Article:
CENTRAL STATES MANUFACTURING NAMES CHRIS HARRISON TO BOARD OF DIRECTORS

Newest board member brings 30+ year record of growth and leadership to Central States

 

Christopher Harrison

Chris is an accomplished Chief Human Resources Office (CHRO), operating executive, and business advisor with a 30-year track record in high growth and value creation environments for leading blue-chip brands and small to mid-sized companies across the globe. His experience spans multiple industries including manufacturing, distribution, automotive, construction, retail, and services. Chris is recognized as an inspirational leader and promoter of winning cultures through the creation and sponsorship of authentic and highly effective employee engagement programs and diversity and inclusion strategies.

In short, his diverse background in business, innovation and people will lend itself well to our growing company.

I sat down with the Connecticut resident to get to know him and what he plans to bring to Central States.

DB: I am absolutely fascinated by people’s journeys and why they have taken this path or that. So, why you and why this Board? 

CH: I first met Jim Sliker (Central States CEO) through a reference check discussion and was able to get to know him before the board role was even an opportunity. The conversation was very natural for both of us, and I took the opportunity to inquire about the company strategy, culture, values, and the emphasis CSMI places on hiring and retaining the right people. I was very impressed with Jim’s leadership style and his vision for the future. Life can be serendipitous at times and once I learned about the board role several months later, I was eager to apply. Fortunately, one thing led to another following that initial one-to-one conversation with Jim. I am now proudly serving on the Board for Central States and couldn’t be more thrilled.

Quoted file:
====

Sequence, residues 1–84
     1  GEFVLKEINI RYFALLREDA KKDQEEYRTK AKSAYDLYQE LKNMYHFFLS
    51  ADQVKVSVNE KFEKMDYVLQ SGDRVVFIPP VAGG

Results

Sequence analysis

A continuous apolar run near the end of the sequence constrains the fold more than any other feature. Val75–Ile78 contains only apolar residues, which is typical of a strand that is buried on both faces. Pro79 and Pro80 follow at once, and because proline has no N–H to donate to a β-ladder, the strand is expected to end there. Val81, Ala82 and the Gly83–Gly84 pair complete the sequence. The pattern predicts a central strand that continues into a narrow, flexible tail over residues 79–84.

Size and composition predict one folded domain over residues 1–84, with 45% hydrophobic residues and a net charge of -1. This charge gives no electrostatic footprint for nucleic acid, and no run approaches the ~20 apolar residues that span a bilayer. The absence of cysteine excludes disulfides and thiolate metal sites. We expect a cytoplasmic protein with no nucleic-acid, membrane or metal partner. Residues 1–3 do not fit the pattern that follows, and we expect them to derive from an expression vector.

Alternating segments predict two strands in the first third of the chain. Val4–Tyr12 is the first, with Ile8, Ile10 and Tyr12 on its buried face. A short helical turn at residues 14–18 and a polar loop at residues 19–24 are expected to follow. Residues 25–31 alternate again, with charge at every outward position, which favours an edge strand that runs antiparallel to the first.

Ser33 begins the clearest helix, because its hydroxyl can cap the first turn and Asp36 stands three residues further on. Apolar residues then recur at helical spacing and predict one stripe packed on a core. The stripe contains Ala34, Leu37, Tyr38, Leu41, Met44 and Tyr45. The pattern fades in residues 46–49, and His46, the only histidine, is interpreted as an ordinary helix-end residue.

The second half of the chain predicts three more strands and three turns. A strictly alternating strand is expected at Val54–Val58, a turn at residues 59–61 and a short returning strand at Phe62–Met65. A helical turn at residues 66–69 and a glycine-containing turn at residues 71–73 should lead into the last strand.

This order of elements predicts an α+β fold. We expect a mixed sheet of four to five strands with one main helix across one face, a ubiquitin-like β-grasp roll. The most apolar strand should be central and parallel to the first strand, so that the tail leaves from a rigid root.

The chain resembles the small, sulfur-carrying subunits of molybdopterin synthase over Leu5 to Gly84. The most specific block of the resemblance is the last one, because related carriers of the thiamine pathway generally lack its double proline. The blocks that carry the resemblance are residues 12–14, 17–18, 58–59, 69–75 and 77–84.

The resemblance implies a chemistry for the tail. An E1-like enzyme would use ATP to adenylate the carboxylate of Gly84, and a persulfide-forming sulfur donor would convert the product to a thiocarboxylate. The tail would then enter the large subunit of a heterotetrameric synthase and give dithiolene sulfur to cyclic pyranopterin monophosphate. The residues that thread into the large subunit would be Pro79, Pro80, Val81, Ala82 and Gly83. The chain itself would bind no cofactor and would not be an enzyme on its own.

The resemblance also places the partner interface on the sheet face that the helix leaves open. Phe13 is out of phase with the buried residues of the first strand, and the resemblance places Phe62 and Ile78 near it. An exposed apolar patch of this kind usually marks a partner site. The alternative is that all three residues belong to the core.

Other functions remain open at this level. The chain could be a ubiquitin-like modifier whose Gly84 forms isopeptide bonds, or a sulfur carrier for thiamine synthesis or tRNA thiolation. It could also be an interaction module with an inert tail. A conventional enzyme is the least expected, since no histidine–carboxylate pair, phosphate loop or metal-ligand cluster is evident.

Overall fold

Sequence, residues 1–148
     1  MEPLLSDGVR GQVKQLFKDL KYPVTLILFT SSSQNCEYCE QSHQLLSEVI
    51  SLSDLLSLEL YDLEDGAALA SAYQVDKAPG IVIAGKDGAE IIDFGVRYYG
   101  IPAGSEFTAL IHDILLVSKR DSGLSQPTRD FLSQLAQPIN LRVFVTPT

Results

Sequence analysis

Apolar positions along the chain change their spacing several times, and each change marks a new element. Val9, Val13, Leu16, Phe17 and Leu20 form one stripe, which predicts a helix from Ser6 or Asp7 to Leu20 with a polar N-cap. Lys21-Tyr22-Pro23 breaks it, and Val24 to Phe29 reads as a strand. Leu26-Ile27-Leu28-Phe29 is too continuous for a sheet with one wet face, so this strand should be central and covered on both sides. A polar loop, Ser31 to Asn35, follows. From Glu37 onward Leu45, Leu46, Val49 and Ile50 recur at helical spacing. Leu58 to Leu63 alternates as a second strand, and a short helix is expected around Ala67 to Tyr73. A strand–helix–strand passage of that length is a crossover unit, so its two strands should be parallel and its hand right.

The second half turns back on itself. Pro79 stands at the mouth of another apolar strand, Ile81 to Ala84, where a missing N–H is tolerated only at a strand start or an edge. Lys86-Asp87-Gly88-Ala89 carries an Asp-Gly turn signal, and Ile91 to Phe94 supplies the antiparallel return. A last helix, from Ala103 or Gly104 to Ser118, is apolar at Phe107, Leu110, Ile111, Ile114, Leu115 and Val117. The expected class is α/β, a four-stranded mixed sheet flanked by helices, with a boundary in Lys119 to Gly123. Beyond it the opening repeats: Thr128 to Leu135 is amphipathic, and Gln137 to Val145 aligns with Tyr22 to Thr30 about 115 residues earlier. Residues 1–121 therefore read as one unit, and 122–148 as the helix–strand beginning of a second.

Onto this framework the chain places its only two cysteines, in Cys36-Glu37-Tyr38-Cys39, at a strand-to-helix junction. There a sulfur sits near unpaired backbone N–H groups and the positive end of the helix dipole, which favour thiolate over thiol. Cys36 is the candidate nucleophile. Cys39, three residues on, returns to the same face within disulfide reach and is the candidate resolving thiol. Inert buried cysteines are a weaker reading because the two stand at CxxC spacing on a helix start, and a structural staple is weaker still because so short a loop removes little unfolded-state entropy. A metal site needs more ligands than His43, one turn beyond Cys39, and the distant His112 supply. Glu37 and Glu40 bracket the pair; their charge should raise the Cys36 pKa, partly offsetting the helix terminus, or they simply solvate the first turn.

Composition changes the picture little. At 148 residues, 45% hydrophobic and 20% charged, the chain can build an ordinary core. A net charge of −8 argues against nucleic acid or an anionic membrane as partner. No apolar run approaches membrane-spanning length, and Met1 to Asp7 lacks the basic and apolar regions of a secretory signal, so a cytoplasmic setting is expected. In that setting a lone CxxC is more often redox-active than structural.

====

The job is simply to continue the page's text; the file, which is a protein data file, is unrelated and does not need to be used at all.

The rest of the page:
DB: What was the process like once you put your hat in the ring and why did this Board opportunity in particular gain your interest? 

CH: The board selection process was as comprehensive as any I had previously been a part of. There was a professional assessment, a written questionnaire, a comprehensive screening & interview process, and then an in-depth session with me and the full board together. The process overall was highly professional and extremely well done. In terms of my interest, I can easily say culture and chemistry were at the top of the list. I also prefer companies that provide products or services that help people and our world in one way or another. CSMI does this across multiple industries covering a wide variety of diverse customers. Lastly, I have always been motivated to take on new challenges. Serving on a private board with an ESOP structure was very intriguing for me and it is clearly a key differentiator for CSMI.

DB: So, it’s interesting, as a company we turned 35 years old this year, which means we are still in our infancy in many ways, but the growth that we have experienced has been vast and quick. Talk about your experience and vision for a company that has grown as quickly as ours has.